Abortion, exceptions for rape, and giving feminists a bad name
August 22, 2012 Leave a comment
All Slate edition. First, Weigel has a nice piece about the fact that Akin’s policy view– no exceptions ever– though, quite unpopular among the public is not a fringe view, but quite accepted among Republican elites:
National Review‘s house editorial on Akingate made a cynical point, and made it rather poorly.
For the very same reason this issue offers Democrats a political opportunity, however, it is only a theoretical one: No state is going to ban abortion in the case of rape even if Roe v. Wade is overruled — and even if Akin were elected to the Senate. Everyone knows this.
Not everyone! In Louisiana, a “trigger law” signed by the state’s last Democratic governor would ban all abortions in the state if Roe v. Wade was overruled. In North Dakota, a“personhood” law gives human rights to “any organism with the genome of homo sapiens.” In Virginia this year, a new “personhood” bill sailed through the Republican House of Delegates — it got gummed up in the Senate, but that took some doing.
Here, let Irin Carmon explain.
Several states have already passed absolute bans on abortion after 20 weeks, well before viability, without exceptions for rape and incest, and the stated intent is to keep moving that line closer and closer to fertilization. Even if voters rejected “personhood” amendments in Colorado and Mississippi, that hasn’t stopped the movement from trying again and again, down to spreading falsehoods that common forms of birth control are tantamount to abortion.
Carmon also points out that when rape exceptions have been employed in the U.S., they don’t work. The Hyde Amendment bans federal funding for abortion, with a rape exception, but surprisingly few women that are eligible for government-subsidized abortions actually get the funding they’re entitled to.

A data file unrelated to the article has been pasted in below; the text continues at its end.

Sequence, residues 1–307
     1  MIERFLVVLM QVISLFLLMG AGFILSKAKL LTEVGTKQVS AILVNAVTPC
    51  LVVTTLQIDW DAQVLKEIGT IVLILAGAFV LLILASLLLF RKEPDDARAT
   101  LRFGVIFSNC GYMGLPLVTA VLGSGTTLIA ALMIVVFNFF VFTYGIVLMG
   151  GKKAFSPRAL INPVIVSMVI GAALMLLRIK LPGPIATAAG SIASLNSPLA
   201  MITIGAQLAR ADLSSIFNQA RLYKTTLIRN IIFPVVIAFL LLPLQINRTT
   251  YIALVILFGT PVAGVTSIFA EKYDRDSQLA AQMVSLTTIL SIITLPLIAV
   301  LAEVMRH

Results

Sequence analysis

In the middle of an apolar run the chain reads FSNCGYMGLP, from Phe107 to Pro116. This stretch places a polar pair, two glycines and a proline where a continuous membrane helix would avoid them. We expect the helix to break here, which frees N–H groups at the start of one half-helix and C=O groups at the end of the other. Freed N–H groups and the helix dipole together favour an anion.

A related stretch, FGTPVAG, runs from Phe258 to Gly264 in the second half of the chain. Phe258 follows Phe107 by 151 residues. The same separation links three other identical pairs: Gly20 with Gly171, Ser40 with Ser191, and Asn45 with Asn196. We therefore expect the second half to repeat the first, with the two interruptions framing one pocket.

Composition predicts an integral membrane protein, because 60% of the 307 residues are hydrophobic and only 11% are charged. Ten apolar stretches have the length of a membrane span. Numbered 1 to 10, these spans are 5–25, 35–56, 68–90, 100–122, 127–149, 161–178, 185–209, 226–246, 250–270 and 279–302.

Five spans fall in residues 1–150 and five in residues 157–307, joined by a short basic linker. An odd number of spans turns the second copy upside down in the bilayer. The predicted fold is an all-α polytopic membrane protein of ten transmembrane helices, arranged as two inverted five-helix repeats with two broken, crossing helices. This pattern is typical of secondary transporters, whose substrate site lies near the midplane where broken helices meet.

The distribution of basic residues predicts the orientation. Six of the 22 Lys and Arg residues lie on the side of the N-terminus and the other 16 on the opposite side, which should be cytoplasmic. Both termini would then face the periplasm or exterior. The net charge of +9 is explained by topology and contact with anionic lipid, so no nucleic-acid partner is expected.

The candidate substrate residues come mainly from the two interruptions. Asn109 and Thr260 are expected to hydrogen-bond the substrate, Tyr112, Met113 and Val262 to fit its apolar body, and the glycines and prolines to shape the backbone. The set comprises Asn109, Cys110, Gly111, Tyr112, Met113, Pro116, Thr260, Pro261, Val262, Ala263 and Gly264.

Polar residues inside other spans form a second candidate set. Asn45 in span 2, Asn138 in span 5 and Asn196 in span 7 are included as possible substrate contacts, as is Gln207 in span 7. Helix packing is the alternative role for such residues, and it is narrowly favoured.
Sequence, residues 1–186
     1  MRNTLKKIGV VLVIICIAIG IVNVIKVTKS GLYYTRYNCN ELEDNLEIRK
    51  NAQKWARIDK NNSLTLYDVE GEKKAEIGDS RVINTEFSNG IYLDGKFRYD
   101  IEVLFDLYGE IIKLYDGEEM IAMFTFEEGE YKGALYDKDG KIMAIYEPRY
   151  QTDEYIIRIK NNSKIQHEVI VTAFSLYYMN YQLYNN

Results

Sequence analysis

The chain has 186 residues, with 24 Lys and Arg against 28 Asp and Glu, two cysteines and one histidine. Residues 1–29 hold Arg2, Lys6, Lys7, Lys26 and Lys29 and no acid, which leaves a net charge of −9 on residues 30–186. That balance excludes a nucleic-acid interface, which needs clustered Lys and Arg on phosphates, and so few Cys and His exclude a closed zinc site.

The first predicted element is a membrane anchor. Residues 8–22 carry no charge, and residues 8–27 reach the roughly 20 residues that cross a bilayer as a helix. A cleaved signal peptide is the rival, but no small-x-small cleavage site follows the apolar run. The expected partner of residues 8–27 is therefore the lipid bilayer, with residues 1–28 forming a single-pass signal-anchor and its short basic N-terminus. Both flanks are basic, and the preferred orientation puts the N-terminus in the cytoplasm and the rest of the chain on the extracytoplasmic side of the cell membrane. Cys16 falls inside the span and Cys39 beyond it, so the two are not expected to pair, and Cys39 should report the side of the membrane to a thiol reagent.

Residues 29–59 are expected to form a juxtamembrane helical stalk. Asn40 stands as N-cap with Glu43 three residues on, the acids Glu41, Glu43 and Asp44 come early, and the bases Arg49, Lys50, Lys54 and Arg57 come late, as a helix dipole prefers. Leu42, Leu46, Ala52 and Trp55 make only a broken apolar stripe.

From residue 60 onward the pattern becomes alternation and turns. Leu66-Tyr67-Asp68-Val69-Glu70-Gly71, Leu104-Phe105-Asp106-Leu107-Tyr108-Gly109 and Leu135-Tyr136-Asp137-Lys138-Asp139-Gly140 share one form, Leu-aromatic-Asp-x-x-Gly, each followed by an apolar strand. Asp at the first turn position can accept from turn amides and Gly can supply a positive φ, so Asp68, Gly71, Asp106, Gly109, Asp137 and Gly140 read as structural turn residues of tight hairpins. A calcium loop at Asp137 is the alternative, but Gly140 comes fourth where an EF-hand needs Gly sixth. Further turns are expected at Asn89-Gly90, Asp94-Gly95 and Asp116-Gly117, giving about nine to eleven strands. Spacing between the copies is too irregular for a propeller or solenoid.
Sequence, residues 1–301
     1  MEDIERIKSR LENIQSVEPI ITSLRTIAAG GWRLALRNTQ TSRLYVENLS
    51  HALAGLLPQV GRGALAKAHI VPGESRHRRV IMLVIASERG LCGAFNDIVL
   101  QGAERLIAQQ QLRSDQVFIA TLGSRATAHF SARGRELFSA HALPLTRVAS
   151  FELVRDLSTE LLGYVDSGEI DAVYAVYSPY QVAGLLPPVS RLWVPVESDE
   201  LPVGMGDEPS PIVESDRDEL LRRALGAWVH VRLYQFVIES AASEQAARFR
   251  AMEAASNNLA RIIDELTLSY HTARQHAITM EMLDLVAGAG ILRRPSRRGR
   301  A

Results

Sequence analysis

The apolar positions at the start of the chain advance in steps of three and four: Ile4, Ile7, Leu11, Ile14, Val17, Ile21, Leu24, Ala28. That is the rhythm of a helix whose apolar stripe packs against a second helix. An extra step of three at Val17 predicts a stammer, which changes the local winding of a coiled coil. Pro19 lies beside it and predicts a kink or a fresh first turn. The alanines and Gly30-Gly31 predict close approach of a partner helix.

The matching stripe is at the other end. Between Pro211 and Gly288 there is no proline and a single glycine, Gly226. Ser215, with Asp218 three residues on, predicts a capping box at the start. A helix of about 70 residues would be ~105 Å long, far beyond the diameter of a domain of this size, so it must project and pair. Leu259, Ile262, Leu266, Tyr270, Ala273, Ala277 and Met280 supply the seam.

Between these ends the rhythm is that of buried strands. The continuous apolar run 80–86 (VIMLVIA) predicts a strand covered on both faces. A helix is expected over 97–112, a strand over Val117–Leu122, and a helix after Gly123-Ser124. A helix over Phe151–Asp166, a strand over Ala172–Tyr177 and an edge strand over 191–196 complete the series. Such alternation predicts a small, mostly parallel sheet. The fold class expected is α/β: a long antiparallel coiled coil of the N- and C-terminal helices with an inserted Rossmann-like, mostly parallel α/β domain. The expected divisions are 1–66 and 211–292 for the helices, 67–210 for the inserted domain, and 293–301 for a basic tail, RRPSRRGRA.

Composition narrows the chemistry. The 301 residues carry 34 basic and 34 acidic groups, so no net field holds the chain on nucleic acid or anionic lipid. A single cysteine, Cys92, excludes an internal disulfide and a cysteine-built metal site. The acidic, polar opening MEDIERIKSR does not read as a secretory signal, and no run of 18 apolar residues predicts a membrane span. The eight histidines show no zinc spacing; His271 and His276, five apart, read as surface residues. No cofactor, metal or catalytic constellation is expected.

And what if we were to enact a widespread ban on abortion, with the incest and rape exceptions? The general ban on abortion would mean that finding doctors and clinics who can and are willing to offer the service under the narrow restrictions would become nearly impossible. It’s not about the skills so much as it would be the environment of fear. If you can get thrown in jail for performing an illegal abortion, you’re going to err on the side of not allowing any abortions at all. Sure, this rape victim in front of you seems like she has a legal claim to abortion, but what if some grandstanding prosecutor down the line decides to challenge her story and therefore charge you with a crime?
These aren’t just hypothetical questions. Throughout Latin America, there are abortion bans that have exceptions built in for certain emergencies, but women who legally qualify for the exceptions find that no one is willing to put their necks out for them.
Very important points indeed, insofar as this is a genuine policy debate, but why does Marcotte have to be so bullheaded in her characterizations of those opposed to legal abortion:
Believing that rape is a “legitimate” reason to abort may make you slightly less horrible than Todd Akin, but you’re still a misogynist who thinks that having sex requires forced childbirth as punishment.
So, if you think abortion should be illegal except in cases of rape and incest you are automatically a misogynist. Now, that’s not my personal position, but I find Marcotte’s suggestion damn offensive. I’ve got a good friend who is an ethics professor and quite a feminist, I love to quote her formulation on abortion: “if you think it is an easy issue, you haven’t thought about it enough.” There are plenty of people who oppose abortion for deep-seated moral beliefs, that does not make them misogynists and it gives the pro-choice crowd a bad name to suggest that this is the case.